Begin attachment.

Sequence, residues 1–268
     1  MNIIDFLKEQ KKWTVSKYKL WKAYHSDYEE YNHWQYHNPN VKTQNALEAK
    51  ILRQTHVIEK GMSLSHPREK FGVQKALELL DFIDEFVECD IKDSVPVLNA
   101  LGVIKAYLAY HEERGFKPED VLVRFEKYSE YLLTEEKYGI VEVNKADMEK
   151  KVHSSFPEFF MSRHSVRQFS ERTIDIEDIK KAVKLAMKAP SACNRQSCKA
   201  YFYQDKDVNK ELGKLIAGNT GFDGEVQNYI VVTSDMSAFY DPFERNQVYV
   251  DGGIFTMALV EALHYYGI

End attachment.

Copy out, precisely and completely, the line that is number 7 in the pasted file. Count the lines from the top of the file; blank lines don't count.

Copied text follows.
   251  DGGIFTMALV EALHYYGI